Named Canada's top male athlete of the half-century in 1950, Lionel Conacher excelled in virtually every sport he took part in. Aptly named "the Big Train," the 6', 195-pound Conacher was a proficient NHL skater. He normally played left defense and was best known for his imposing physical presence, leadership skills and rock-solid play in his own zone.
The Toronto native didn't start skating until he was 16 years old, but he made up for lost time, refining his game with the Toronto Century Rovers and the Aura Lee Athletic Club before joining the Toronto Canoe Club juniors in 1919-20. The Paddlers captured both the OHA junior crown and the Memorial Cup later that season. Following this junior success, Conacher returned to the Aura Lees to play for their senior team for two years. In 1920 he also hit the game-winning home run to give his team the Toronto semipro baseball crown, then promptly took a taxi across the city and scored four goals for his lacrosse team, which was losing 3-0 when he arrived. In 1921 he scored two touchdowns to lead the Toronto Argonauts to victory in the Grey Cup game.
In 1922-23, Conacher played hockey for the North Toronto Seniors and he was on hand when they played Midland on February 8, 1923, in the first match ever broadcast on radio. At this stage, Conacher was so highly regarded that the Toronto St. Pats and Montreal Canadiens both invited him to play in the NHL. Although he declined to sign with either of these teams, it was to be only a matter of time before he made his big-league debut.
He maintained his amateur status long enough to accept an athletic scholarship offered from Bellefonte Academy in Pittsburgh, Pennsylvania. Conacher then captained the Pittsburgh Yellow Jackets in 1924 and 1925 as they won consecutive United States Amateur Hockey Association titles.
In 1925-26, the Big Train finally made his professional hockey debut. He was instrumental in keeping most of the Yellow Jackets together when the team renamed itself the Pirates and was admitted to the NHL as an expansion squad. The burly rearguard captained the team and scored the first goal in franchise history, against the Boston Bruins on November 26, 1925. A year later he was traded to the New York Americans, where he played four seasons and helped Leo Reise and Bill Brydge anchor the club's defense corps.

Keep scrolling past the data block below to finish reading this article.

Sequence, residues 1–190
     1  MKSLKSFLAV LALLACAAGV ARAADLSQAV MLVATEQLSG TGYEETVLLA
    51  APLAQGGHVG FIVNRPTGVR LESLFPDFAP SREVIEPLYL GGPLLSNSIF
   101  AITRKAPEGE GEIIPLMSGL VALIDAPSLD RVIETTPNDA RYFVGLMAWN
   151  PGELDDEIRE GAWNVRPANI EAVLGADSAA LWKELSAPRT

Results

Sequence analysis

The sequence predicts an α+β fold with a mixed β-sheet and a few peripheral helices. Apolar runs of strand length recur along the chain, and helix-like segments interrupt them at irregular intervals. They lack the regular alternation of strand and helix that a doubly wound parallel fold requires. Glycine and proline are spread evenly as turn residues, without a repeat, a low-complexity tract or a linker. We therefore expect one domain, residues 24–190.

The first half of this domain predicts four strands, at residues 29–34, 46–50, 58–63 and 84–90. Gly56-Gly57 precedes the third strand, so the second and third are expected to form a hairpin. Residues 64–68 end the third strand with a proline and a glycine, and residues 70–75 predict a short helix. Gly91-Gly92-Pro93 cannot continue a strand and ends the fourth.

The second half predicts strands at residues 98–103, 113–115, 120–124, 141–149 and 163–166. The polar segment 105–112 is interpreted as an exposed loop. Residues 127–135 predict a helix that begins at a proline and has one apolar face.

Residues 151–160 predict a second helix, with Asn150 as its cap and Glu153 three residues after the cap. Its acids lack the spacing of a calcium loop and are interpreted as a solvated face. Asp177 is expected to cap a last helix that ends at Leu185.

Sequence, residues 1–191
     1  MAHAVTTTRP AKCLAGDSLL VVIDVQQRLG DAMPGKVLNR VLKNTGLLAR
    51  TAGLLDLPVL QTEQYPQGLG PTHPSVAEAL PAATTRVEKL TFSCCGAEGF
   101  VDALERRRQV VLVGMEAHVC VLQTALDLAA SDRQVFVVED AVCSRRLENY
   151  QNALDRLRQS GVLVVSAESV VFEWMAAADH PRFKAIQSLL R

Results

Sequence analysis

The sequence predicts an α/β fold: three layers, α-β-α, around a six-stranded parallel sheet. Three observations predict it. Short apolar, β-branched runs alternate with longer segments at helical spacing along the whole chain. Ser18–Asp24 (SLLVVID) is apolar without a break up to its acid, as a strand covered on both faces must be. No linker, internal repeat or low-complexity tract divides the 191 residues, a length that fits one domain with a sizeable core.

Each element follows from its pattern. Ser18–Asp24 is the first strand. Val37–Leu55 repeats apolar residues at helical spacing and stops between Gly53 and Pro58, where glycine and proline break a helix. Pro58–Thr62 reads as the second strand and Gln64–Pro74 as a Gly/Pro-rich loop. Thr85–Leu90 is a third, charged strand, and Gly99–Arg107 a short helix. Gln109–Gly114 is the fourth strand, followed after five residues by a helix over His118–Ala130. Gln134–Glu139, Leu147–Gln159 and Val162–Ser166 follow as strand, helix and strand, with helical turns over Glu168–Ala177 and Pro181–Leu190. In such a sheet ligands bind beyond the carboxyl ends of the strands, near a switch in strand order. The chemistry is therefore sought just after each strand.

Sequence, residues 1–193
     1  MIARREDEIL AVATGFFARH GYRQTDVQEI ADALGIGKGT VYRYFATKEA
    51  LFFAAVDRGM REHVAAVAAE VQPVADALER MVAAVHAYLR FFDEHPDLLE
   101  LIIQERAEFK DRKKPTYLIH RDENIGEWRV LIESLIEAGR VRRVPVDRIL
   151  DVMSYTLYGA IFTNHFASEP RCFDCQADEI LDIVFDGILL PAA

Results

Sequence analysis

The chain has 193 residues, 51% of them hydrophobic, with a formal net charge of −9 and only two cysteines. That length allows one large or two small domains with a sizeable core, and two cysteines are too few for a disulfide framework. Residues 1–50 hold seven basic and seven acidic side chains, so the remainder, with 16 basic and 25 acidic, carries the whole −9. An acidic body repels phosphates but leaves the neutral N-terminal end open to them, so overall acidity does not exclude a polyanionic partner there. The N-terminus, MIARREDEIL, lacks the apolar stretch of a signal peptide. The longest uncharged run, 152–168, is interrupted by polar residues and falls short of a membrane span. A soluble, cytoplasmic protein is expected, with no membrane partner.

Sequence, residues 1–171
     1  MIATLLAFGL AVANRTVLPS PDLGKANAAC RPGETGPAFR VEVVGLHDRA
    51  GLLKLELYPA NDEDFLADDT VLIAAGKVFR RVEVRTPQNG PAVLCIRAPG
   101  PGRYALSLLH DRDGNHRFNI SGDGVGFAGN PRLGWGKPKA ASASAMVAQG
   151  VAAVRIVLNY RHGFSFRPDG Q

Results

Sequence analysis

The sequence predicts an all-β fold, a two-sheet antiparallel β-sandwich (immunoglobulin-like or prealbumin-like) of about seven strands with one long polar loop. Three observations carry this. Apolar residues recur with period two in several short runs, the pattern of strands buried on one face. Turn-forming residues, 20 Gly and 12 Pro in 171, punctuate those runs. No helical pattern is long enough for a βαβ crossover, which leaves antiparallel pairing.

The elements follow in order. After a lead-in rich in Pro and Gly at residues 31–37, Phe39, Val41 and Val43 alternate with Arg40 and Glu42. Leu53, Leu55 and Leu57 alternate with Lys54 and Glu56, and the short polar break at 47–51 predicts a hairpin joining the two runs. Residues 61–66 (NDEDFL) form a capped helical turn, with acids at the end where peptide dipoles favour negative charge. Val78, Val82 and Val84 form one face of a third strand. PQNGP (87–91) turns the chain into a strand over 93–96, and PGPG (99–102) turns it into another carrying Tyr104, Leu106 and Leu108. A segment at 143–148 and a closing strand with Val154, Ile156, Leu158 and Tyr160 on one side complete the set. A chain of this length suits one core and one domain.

Conacher functioned as the Amerks' player-coach in 1929-30, then joined the Montreal Maroons the next season. He enjoyed three excellent years there, including a career-best 28 points in 1932-33. The Chicago Black Hawks obtained his services in time for the 1933-34 schedule, and Conacher was a key figure in the club's first-ever Stanley Cup victory that season. His impact was such that he finished second to the Canadiens' Aurel Joliat in the voting for the Hart Trophy and earned a spot on the NHL First All-Star Team.
After one year in Chicago, Conacher returned to the Maroons, where he'd spend his last three NHL seasons and take part in a second Cup triumph in 1935. He brought his distinguished career to a close after the Maroons were eliminated from the playoffs by the New York Rangers on April 23, 1937. Rather than risk becoming a fading star, he went out on a high note: He was runner-up to Babe Siebert in the 1937 Hart Trophy voting and was placed on the NHL Second All-Star Team.
The Big Train was elected to the Ontario Legislature in 1937 and to Parliament 12 years later. He served as an MP until his death on May 26, 1954. Fittingly, he was playing in a charity softball match and collapsed while running the bases after a hit. Conacher was a charter member of the Canadian Sports Hall of Fame in 1955, the Canadian Football Hall of Fame and Museum in 1963 and the Canadian Lacrosse Hall of Fame and Museum in 1966. In 1994 he was elected to the Hockey Hall of Fame.